David Cameron Urges Business To Be More Ethnically Diverse But Ignores His Own Team

A view of the Government front bench as Prime Minister David Cameron speaks during Prime Minister's Questions in the House of Commons, London.
A view of the Government front bench as Prime Minister David Cameron speaks during Prime Minister's Questions in the House of Commons, London.
PA/PA Wire

David Cameron has urged firms to be more transparent about the ethnic breakdown of their staff in a bid to improve diversity, despite his own government and party failing to do the same.

The prime minister told Colourful Radio earlier this week that more needed to be done to "level the playing field" and suggested he would consider further measures for transparency, like making firms publish an ethnic breakdown of their employees, would help.

But he and his party have fallen short of this aim, even though Cameron himself promised in 2006 that "party headquarters will now record the numbers of people from ethnic minorities the Conservative Party employs to ensure fairness and transparency".

Asked to disclose the ethnic breakdown of staff working at Conservative headquarters, a spokesperson told the Huffington Post UK: "We won’t comment on internal staffing matters."

The situation is even more striking inside government, where there is a striking lack of ethnic diversity among ministers' special advisers - who are appointed by the prime minister.

A Downing Street spokesperson declined to reveal the ethnic breakdown of the government's pool of special advisers, only saying: "We welcome more transparency and would encourage employers to do what they can to attract the best possible workforce from across different communities.”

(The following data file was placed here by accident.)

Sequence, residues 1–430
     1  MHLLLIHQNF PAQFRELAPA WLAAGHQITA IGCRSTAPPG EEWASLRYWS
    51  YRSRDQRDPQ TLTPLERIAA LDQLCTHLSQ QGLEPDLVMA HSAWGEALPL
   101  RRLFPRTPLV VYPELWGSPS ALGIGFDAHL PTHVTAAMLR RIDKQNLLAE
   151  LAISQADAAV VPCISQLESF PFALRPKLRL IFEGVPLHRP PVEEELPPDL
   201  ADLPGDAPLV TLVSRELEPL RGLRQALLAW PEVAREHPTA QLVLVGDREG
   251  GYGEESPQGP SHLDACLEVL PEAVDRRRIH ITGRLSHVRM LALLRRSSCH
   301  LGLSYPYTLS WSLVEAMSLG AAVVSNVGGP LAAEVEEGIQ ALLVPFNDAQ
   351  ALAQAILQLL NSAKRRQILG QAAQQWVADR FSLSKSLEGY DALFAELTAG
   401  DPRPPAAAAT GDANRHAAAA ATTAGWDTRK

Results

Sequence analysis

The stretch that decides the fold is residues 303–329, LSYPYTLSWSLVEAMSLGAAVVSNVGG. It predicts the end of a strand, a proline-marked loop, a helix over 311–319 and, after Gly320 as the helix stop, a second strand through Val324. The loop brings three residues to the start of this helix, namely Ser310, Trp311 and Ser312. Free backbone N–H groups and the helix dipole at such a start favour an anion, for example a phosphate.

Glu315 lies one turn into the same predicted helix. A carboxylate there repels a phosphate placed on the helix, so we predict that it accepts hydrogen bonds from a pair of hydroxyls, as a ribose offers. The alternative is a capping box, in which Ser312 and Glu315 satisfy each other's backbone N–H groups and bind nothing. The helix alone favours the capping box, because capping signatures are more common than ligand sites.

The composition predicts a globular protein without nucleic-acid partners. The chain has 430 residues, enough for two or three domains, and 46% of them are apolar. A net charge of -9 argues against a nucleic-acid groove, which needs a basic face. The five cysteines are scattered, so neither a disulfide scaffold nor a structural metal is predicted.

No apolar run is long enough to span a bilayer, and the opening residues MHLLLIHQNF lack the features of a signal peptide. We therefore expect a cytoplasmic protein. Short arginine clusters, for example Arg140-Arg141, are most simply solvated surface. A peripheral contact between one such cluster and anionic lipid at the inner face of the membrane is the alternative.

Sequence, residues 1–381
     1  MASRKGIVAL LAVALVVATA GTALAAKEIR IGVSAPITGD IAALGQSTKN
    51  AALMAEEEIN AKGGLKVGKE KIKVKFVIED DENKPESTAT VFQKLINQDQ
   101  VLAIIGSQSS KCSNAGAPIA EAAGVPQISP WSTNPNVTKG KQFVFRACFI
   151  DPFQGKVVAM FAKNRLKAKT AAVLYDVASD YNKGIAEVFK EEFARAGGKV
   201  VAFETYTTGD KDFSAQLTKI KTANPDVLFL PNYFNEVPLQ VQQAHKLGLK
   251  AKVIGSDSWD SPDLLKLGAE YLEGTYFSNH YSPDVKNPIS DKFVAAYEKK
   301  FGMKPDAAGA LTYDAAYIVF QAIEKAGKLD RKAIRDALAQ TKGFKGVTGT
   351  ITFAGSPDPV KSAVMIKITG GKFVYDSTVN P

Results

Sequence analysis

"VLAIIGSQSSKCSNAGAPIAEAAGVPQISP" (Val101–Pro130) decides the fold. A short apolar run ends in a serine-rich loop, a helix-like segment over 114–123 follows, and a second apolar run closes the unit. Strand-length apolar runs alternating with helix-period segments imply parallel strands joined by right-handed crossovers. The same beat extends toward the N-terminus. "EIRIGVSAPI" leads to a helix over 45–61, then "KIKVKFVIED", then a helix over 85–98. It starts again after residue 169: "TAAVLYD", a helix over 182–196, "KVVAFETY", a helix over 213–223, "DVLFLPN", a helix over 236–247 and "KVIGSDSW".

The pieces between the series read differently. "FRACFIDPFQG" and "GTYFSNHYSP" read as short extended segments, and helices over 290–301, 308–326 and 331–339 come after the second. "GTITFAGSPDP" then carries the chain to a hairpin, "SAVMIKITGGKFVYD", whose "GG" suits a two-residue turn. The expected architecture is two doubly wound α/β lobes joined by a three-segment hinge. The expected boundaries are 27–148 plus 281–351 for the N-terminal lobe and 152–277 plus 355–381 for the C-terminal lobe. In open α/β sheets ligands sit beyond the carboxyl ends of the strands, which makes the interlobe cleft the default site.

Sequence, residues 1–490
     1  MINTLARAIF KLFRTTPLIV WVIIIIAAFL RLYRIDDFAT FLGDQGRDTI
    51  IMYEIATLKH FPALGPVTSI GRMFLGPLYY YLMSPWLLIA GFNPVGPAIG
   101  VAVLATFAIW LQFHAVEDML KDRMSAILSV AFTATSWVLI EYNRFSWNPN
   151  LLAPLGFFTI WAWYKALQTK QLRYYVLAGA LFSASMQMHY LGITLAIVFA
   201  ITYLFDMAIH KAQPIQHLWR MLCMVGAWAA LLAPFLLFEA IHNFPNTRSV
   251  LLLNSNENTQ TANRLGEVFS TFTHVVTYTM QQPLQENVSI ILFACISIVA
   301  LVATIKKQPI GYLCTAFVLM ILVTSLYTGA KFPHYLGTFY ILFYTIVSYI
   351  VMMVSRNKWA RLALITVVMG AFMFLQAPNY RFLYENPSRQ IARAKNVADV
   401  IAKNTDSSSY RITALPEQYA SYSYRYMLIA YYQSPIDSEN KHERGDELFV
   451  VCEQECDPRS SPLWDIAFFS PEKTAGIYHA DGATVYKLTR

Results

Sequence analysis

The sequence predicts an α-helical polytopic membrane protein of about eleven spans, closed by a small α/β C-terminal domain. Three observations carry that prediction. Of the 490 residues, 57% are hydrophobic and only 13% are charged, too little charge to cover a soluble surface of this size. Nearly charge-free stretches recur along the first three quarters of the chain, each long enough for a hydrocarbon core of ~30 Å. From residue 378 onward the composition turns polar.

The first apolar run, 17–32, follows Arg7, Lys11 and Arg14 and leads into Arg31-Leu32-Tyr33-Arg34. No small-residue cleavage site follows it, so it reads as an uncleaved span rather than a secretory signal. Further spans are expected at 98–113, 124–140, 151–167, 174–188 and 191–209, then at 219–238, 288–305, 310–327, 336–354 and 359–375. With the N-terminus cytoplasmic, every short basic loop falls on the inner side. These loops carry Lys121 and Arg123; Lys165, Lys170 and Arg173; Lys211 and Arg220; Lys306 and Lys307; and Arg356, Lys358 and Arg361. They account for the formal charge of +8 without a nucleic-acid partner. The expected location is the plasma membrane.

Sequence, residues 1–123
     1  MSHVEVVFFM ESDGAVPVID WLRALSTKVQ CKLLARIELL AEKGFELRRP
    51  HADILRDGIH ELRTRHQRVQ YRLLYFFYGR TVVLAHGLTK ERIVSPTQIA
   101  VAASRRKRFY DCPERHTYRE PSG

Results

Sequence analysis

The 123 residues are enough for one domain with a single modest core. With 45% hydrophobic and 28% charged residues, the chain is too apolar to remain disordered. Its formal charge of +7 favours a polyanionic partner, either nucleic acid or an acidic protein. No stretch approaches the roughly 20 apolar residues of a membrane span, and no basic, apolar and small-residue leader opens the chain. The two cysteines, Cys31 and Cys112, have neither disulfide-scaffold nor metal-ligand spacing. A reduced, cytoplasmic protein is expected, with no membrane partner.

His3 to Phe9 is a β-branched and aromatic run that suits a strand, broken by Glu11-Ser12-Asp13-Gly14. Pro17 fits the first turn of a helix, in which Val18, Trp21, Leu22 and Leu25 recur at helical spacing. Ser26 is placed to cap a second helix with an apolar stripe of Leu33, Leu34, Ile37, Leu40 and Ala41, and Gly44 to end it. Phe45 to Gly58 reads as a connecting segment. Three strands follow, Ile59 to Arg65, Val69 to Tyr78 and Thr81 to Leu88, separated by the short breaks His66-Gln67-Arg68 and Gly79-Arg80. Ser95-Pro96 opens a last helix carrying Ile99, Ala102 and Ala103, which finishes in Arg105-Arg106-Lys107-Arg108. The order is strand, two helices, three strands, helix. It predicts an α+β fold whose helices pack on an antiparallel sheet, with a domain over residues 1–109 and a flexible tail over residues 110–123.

However HuffPostUK understands from civil service sources that only five or six of the 95 special advisers in government are from an ethnic minority background, equating to roughly 5% or 6% of the total. By contrast, according to the Office for National Statistics, nearly 15% of people in England and Wales are from an ethnic minority.

Francine Fernandes, deputy director of Operation Black Vote, an initiative campaigning for greater diversity in politics, told HuffPostUK: "Doing by example is always the best form of leadership, and whilst the Prime Minister recognised back in 2006 that, "a mono-ethnic party cannot represent a multi-ethnic country", with only 5% of advisers from a BME background, his senior team, at best replicates, and at worst, reinforces, the diversity deficit which he claims to seek to rectify”.

The few special advisers from ethnic minority backgrounds include Shabnum Mustapha, who works for the Lib Dem deputy prime minister Nick Clegg, Ramesh Chhabra, who works for chancellor George Osborne, and Ameet Gill, who works for the Prime Minister.

Sajid Javid, the new culture secretary, picked former Channel 5 producer Salma Shah as his special adviser, while Foreign office minister Baroness Warsi has Naweed Khan as her special adviser.

A spokesman for the Institute of Directors warned against any move by the government to force companies to publish data about the ethnic breakdown of their staff, saying: "It's hard to see any meaningful benefits coming from the state ordering businesses to collect and publish this kind of data. It certainly shouldn't be mandatory."